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Maya Particle Effects
Illustration by John Hersey

Emitting from a 3D object


From:

Maya Particle Effects

with Audri Phillips

Video: Emitting from a 3D object

In this movie, I just wanted to give you a quick demo of the fact that what you did with the plane, you can also do it with a 3D object. You can make particles inherent the colors from a 3D object, just like a plane. The texture on a 3D object, and then in the end if you use conserve cleverly, the particles will be in the same shape that the 3D object is. So, I have mapped the same texture on this guy and in my Window, my Relationship Editors > Dynamic Relationships. You can see if I pick my particle2 again, under Emitters, I now have it emitting from emit3dPart21, which is this guy's surface emitter. And particle1, I have him emitting from this emitter, which is also him.

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Maya Particle Effects
2h 8m Intermediate Jun 11, 2009

Viewers: in countries Watching now:

Particle effects can be used to create everything from realistic smoke and light to abstract design elements. In Maya Particle Effects, Audri Phillips demonstrates the particles she has found helpful in her work creating dynamic visuals for video games,film and fine art. This course goes deeper than the basics, tackling topics like saving time by reusing MEL expressions, implementing physics to create realistic effects, and manipulating paint effects to give particles the look and feel of an envisioned design. Exercise files accompany the course.

Topics include:
  • Working with particle emitters and fields
  • Instancing paint effects and geometry to particles
  • Using Maya particles to produce graphic design elements
  • Using the relationship editor, creating particle collisions and collision events
  • Creating realistic effects such as smoke by emulating real life physics
  • Rendering and exporting final projects
Subjects:
3D + Animation Particles Visual Effects
Software:
Maya
Author:
Audri Phillips

Emitting from a 3D object

In this movie, I just wanted to give you a quick demo of the fact that what you did with the plane, you can also do it with a 3D object. You can make particles inherent the colors from a 3D object, just like a plane. The texture on a 3D object, and then in the end if you use conserve cleverly, the particles will be in the same shape that the 3D object is. So, I have mapped the same texture on this guy and in my Window, my Relationship Editors > Dynamic Relationships. You can see if I pick my particle2 again, under Emitters, I now have it emitting from emit3dPart21, which is this guy's surface emitter. And particle1, I have him emitting from this emitter, which is also him.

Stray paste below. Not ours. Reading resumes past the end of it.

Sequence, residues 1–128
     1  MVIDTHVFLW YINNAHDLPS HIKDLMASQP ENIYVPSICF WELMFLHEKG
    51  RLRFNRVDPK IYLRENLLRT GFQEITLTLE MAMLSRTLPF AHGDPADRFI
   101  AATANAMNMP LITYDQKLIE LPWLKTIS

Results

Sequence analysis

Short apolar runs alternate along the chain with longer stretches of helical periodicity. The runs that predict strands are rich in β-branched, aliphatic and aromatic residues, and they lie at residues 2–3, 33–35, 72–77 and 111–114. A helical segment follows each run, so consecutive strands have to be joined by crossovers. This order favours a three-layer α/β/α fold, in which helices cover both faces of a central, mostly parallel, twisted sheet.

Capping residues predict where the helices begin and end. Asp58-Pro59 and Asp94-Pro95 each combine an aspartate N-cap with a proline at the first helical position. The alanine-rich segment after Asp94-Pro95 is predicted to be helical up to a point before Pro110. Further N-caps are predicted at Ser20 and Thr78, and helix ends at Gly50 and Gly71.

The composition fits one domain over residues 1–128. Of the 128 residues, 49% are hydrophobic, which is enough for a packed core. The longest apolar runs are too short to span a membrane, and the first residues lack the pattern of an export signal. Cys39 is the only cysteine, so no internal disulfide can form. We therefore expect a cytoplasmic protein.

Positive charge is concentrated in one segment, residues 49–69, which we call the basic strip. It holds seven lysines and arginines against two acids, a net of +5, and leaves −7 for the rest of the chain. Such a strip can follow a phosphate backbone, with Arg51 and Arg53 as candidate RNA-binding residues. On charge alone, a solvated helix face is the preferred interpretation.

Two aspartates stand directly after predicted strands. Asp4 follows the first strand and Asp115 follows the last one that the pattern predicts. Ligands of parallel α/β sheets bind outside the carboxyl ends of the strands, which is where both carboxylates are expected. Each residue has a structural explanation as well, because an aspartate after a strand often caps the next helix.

So I have two surface emitters that are of this guy's shape and they are emitting the same particles that they were emitting before. If I go and check those particles emitters right here, I will see that once again I have done Particle Color : Inherit Color and it's on this file right here, and the same one. So everything is once again using this flower file, which is why this guy has this flower file on top of him. And I did change the emitter rates on the particles when they are coming out of the emitters.

To make it even simpler one of the particles I have them on Conserve : 0 the whole time and that will be particle2, it's on Conserve : 0 the whole entire time. So particle2 isn't flying anywhere and you'll see what I mean. It's just sticking to the shape. I am going to take him and I am going to turn his Visibility off, there we go. So we have nothing showing up there and now let's run the scene and see what happens.

And there we have our particle2 with Conserve at 0. They are not going anywhere, they are just sticking to the emitter that they are coming out of. Particles were blocking it as they are going along. And then we have our little particle shape at the end, where the particles are stopping being emitted. And I am going to stick with this one guy here. So you can see the particles have taken the shape of the 3D object and there they are. So whatever 3D object you made, they would be in that shape. And they would be inheriting the color that you had on the texture on that shape. And you can go around it, etcetera. And you have your 3D guy.

You can do fast render of it. Now, where is my render window? Oh, that's my Hypershade. Window > Rendering Editors > Render View. There it is in the corner and there it is. So you can animate around them, whatever. So, I just thought you would like to be open to possibility that you could also do this on 3D forms as well.

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